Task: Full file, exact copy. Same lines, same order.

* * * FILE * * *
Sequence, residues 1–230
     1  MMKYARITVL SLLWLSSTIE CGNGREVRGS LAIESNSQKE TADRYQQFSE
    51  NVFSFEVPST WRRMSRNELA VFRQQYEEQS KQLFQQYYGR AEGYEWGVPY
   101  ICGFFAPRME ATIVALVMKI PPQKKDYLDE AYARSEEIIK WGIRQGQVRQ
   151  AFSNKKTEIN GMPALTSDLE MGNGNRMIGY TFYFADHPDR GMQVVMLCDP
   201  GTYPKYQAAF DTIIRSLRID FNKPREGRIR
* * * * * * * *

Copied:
Sequence, residues 1–230
     1  MMKYARITVL SLLWLSSTIE CGNGREVRGS LAIESNSQKE TADRYQQFSE
    51  NVFSFEVPST WRRMSRNELA VFRQQYEEQS KQLFQQYYGR AEGYEWGVPY
   101  ICGFFAPRME ATIVALVMKI PPQKKDYLDE AYARSEEIIK WGIRQGQVRQ
   151  AFSNKKTEIN GMPALTSDLE MGNGNRMIGY TFYFADHPDR GMQVVMLCDP
   201  GTYPKYQAAF DTIIRSLRID FNKPREGRIR